Updated 22nd November 2023 Following this year’s Autumn Statement, what do the Chancellor’s announcements mean for retail, hospitality and leisure businesses? To find out how the…
According to data released by the Food and Drink Federation (FDF), the industry saw a new high record number of food and drink exports in 2022. Juggling the day to day running of a food and drink business as well as planning for the future has required business owners to be both imaginative and innovative.
It is therefore key for businesses to remember that there remains strong market demand for GB products outside the UK. Innovative thinking, such as that employed by the sausage producers who have switched to exporting their products frozen to circumvent the chilled meat ban can be utilised to work around certain EU export blockers.
The first step is to identify the legal and customs hoops that need to be jumped through and from there, the world is your oyster!
What food and drink business should consider when exporting to the EU.
There are quite a few considerations and processes to go through especially when goods are being exported to the EU which businesses have had to adapt to. Government advice is available but we have condensed this into a quick check list:
- Labelling – Check the EU requirements, especially if your goods are organic!
- Origin – Confirm the origin of your product(s). This is needed for the labelling and to determine whether any duty costs will be incurred on the import into the EU, or if it is possible to claim preference under EU-UK Trade & Cooperation Agreement. Specific rules exist for determining product origin for customs purposes.
- Specific rules – It is key to research and understand the rules relating to the products you are exporting – for example if your goods contain products of animal origin you will need an Export Health Certificate (such goods must be checked at the border), whilst chilled meat and composite goods containing dairy products from unpasteurised milk cannot be exported to the EU at all.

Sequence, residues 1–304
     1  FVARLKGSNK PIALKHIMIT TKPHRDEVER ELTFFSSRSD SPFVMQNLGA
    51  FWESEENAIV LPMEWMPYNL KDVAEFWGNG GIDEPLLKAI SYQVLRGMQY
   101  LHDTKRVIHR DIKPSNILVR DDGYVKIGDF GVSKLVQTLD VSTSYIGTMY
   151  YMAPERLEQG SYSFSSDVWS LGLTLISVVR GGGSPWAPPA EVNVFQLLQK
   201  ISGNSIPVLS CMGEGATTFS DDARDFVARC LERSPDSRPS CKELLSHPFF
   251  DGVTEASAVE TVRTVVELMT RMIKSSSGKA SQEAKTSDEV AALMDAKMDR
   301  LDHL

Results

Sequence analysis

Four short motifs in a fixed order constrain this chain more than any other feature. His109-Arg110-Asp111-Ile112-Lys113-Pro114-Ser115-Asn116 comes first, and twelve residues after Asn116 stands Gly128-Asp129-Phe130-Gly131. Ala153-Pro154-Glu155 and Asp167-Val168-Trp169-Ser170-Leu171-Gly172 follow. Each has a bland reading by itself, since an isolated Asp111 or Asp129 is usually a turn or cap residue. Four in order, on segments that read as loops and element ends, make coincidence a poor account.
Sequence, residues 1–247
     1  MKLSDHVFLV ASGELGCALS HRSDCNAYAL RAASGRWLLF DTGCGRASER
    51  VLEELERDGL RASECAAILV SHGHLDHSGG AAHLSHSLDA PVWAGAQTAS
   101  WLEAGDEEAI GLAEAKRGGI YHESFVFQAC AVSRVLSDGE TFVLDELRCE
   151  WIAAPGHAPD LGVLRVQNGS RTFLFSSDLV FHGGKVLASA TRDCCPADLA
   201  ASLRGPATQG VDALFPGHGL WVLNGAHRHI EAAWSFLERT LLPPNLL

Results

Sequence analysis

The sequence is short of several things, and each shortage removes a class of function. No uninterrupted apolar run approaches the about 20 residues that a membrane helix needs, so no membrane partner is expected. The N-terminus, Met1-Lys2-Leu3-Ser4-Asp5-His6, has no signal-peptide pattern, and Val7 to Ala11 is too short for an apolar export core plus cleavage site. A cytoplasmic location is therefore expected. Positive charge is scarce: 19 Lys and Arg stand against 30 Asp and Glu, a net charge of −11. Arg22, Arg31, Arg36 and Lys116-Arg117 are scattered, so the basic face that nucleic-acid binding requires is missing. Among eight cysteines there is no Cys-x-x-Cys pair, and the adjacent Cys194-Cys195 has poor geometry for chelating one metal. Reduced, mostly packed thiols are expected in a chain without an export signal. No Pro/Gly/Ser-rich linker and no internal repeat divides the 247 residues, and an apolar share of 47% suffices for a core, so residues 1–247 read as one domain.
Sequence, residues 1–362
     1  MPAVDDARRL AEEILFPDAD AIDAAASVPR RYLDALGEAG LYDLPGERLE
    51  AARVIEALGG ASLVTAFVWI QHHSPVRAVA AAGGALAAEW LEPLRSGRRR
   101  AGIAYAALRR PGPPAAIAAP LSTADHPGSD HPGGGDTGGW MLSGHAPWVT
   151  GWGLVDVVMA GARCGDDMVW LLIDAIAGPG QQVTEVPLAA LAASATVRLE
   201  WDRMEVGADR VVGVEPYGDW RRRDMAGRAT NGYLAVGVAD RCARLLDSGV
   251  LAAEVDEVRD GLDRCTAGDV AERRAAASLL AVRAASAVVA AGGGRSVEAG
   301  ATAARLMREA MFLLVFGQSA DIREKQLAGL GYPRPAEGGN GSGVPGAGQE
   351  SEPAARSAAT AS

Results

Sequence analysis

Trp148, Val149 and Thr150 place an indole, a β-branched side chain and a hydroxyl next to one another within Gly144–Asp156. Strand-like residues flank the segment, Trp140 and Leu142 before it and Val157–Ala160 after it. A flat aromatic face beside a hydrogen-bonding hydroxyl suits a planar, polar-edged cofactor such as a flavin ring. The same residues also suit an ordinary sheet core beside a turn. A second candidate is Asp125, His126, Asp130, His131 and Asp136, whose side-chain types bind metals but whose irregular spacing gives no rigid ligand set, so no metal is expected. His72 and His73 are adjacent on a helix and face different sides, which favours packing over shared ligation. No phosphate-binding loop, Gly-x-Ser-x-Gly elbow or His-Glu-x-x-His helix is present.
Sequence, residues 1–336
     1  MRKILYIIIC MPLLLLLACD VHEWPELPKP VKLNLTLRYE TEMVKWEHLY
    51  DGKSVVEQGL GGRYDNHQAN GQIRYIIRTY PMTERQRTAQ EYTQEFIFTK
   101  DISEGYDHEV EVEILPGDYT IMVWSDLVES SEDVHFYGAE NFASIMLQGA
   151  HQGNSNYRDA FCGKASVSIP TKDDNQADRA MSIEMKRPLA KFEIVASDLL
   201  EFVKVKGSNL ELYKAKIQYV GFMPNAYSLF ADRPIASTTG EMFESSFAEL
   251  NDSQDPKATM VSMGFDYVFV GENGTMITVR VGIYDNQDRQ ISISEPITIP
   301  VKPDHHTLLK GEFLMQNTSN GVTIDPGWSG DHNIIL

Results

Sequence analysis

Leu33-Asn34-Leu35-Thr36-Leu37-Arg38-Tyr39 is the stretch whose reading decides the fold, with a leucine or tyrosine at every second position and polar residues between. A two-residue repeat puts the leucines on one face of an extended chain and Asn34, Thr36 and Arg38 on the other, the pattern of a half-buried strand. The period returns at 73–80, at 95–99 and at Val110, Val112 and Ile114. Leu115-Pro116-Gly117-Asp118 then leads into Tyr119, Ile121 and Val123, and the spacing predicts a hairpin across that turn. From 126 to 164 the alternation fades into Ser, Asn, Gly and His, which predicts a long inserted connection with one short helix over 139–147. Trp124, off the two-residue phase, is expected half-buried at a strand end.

- Alcohol – If you are selling alcohol, or products with alcohol content, there is excise duty to consider so ensure that you are aware of the customs procedures which may assist and ease this burden.
- Incoterms© – Ensure that you are aware of the agreed Incoterms© for your products and who is responsible for the respective export / import declarations, duties and import VAT.
- Commodity Codes – Familiarise yourself with the tariff commodity code for your goods. Again, there are special rules to follow to determine these and goods will incur restrictions, additional costs and be held up at the border if these are incorrect.
- EORI Number – An Economic Operators’ Registration and Identification number is required to export goods.
- Customs Agent – Find a good customs agent, freight forwarder or parcel operator to declare your goods correctly and ensure they reach your customer on time with no customs hold-ups. Please remember that the responsibility for submitting correct customs declarations ultimately rests with you!
The Windsor Framework
Countless businesses sought our assistance prior to January 2020 to try and prepare for the, as yet unwritten, EU-UK Trade & Cooperation Agreement. Much of this work focused on trying to factor in how to manage the importation of goods from the EU into the Republic of Ireland [ROI] and the UK, and vice versa. Finally, the end to the uncertainty surrounding the sale of food and drink to Northern Ireland from Great Britain appears to be in sight in the form of the Windsor Framework. This Framework puts in place a green channel that will allow food and drink that is being imported to, and for consumption within, Northern Ireland to reach its final destination without the need for multiple customs checks.
Businesses have shown support for the new Framework, not least those who faced their products banned from being imported into Northern Ireland, such as Heck Food following the EU ban on fresh sausage into Northern Ireland and Irish potato growers unable to import the seed potatoes they use to grow them.
We work closely with a number of clients who operate in the food and drink sector and we have extensive experience in helping them navigate the regulatory changes and ensuring customs and tax issues are avoided. If you require assistance in this area, our team of Customs and VAT specialists would be happy to help.